The number of individuals performing the Farmer’s Walk in average gyms is slowly increasing and as I see the number of users increase I see a slow, but steady watering down of proper form. The same decline that has been seen with other classic lifts, such as the bench press and squat. I am in no means saying that the Farmer’s Walk is not for the everyday average gym goer because in my opinion any body from any population can and should work the Farmer’s Walk into their training program. The benefits it offers are enormous. From the challenges it places on grip strength to the demand it creates on the upper back, hips, legs, and especially trunk not one is left unscathed. Renowned Canadian spine researcher Stuart McGill even called the farmer’s walk and it’s many other variations a “moving plank” which gives you an idea to the huge amounts of benefits this lift contains. But, the biggest problem with such a simple lift that offers loads of benefits is that many try to imitate the movement, but fail miserably because they have not been properly coached through the movement. A few very common mistakes I see with the average performer are exaggerated forward head and rounded shoulder, shortened gait length, limited hip mobility, and way to much time spend in a unilateral stance.
To begin we must fix our posture especially are excessive cervical anterior tilt and thoracic rounding. This improper position of the head places to much stress on the intervertebral discs. Placing a load held in the hands with the cervical spine in this position just adds to this stress. In addition the rounded thoracic positioning is the giving way of weak scapular retractors which further rounds the upper back. Doing all this poor posture under load just re-ingrains lousy postureThe fix for this problem is simply done in a two step process. First the correct cervical and thoracic spine mobility must be established. Second, you must also progress from restored thoracic spine mobility to proper thoracic extension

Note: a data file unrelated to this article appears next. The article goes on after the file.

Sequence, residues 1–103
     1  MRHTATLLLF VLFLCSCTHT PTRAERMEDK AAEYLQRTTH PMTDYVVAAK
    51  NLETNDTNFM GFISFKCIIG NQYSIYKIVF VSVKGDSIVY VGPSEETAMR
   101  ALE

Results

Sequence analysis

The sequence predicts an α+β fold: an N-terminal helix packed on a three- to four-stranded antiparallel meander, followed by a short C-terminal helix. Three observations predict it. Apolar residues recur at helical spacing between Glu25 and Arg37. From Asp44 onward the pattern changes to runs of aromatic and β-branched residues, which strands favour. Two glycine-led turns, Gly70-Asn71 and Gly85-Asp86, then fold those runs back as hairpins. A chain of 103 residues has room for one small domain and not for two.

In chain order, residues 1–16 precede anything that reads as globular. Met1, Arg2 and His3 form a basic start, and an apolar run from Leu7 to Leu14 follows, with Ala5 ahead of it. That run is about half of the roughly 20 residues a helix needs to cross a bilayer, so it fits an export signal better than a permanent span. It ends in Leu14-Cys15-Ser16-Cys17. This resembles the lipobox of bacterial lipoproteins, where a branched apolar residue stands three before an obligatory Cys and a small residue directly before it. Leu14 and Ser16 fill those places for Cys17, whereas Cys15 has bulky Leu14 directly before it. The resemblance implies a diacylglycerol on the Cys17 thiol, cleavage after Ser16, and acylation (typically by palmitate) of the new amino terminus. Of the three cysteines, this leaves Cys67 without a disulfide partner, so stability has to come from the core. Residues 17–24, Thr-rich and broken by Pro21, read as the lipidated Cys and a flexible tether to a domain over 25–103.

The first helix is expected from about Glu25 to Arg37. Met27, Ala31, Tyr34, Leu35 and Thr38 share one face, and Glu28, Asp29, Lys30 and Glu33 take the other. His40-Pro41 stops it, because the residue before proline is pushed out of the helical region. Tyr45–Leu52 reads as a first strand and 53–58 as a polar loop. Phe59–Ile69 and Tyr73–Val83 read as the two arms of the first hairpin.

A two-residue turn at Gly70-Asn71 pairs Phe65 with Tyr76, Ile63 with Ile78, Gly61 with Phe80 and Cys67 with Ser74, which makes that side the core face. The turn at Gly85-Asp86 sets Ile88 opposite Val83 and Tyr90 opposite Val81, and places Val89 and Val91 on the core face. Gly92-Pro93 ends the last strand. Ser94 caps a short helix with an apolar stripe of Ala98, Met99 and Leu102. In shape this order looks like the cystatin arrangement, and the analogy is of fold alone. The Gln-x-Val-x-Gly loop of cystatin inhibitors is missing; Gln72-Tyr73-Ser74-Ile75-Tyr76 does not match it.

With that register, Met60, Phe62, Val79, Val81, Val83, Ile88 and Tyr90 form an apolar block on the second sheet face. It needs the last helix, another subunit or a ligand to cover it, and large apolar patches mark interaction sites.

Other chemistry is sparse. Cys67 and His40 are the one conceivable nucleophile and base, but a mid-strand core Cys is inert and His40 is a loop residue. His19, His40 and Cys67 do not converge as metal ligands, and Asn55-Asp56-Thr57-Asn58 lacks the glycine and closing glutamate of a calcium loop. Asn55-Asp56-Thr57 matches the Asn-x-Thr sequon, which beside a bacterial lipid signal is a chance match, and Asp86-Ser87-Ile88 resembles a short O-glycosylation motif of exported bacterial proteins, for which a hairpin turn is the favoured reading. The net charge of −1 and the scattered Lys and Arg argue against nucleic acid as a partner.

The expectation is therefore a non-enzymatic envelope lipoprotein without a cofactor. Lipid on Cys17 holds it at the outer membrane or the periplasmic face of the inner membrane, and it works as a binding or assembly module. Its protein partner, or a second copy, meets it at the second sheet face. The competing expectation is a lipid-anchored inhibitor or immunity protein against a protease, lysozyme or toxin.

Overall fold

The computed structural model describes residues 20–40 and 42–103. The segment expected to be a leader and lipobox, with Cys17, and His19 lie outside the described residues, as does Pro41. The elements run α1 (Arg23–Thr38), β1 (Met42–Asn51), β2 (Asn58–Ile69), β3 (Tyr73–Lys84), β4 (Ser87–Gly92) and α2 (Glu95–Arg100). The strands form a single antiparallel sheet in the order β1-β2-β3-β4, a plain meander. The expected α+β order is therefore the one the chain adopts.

The second most crucial point when performing this exercise is to watch time spent in a unilateral stance as well as the length of gait. This unilateral stance is marked with a shuffling gait often associated with increases in weight. This shuffling is a combination concurrent hip adduction and internal rotation which negates a lot of glute activity going on during the carry. This gait also robs the carrier of the incredible core challenge this lift elicits because the more amount of time spent in a unilateral stance places more emphasis on the oblique, quadratus lumborum, and hip abductors while trying to maintain the pelvis and trunk in a correct position.To insure you avoid such a gait be sure to focus on equal steps of length and picking up each foot when taking a stride.
To close I hope you have a better understanding of the proper farmer’s walk technique to be used. This lift is a staple when it comes to metabolic work and overall general preparedness, but with a few tweaks and technical proficiency it can allow for a vast number of benefits.